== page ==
cn tower vape campaign

Toronto vapers are up in arms over the CN Tower's latest campaign

Toronto's CN Tower lights up in different colour schemes nightly to honour a variety of different causes, but tonight's theme is causing a bit of an uproar among the city's vape enthusiasts. 

The CN Tower's official Twitter account shared a post Monday morning stating that the landmark would light up in yellow and black for Anti-Vaping Awareness Day on the evening of May 3, resulting in backlash among those who say that vaping has been life-saving for former cigarette smokers, and that discouraging it could lead to more deaths.

"45,000 Canadians die each year from smoking," wrote the Canadian Vaping Assocation in response to the tweet

"Vaping is widely recognized as less harmful than smoking. Campaigns like these confuse smokers and discourage harm reduction."

The vast majority of the more than 70 replies to the tweet are critical, with messages coming from pro-vaping organizations and members of the public alike.

The CN Tower has been doing damage control by linking to the federal government's anti-vaping campaign webpage.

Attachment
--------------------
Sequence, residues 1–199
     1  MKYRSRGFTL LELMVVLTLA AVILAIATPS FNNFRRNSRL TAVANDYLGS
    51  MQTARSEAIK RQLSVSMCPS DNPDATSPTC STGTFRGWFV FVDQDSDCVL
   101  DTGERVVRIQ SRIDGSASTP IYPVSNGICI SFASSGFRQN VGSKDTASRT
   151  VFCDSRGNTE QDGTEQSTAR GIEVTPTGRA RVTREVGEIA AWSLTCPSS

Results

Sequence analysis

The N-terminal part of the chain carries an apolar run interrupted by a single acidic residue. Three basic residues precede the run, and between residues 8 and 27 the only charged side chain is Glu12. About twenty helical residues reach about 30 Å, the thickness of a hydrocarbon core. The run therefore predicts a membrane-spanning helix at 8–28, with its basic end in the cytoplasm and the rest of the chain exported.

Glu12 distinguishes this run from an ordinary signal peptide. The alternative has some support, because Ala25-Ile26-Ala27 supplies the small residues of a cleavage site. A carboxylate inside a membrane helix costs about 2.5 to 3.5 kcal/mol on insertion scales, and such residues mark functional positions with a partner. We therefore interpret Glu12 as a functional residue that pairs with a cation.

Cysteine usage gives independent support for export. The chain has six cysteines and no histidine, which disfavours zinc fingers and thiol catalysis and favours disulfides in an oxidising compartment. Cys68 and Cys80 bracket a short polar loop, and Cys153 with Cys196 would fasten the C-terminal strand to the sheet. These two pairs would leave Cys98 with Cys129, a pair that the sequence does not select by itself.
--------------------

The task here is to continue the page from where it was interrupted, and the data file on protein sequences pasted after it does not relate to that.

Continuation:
"Vaping has risks and the long-term health effects of vaping are unknown," reads the campaign. "Youth and non-smokers should not vape. Vaping is a less harmful option only for people who are already smoking if they quit smoking and switch completely. Less harmful doesn't mean harmless."

The campaign contains safety warnings about vaping including the fact that it can lead to a nicotine addiction, expose vapers to harmful chemicals and metals and that the long-term health impacts of vaping are unknown. 

But the campaign appears to mostly target youth vapers, and it includes an extensive section about how to deal with peer pressure related to vaping. 

"Did you know that peer pressure is one of the most common reasons why so many youth said they started to vape, and the majority of teenagers who tried vaping did it with others?" reads the webpage.

"Many youth think that vaping for the first time is not risky because people around them do it, but don't be fooled into vaping. It's not harmless."

Critics of the CN Tower's tweet say making the distinction between who should and shouldn't be vaping is necessary, adding that without it, the message being communicated to the public is that vaping should be avoided across the board.

"You understand you are telling about a million Canadian adults to return to smoking. Right?" wrote one resident.

"Don't bother sending me the campaign link. It doesn't matter who your target audience is. You didn't differentiate."

Lead photo by

CN Tower


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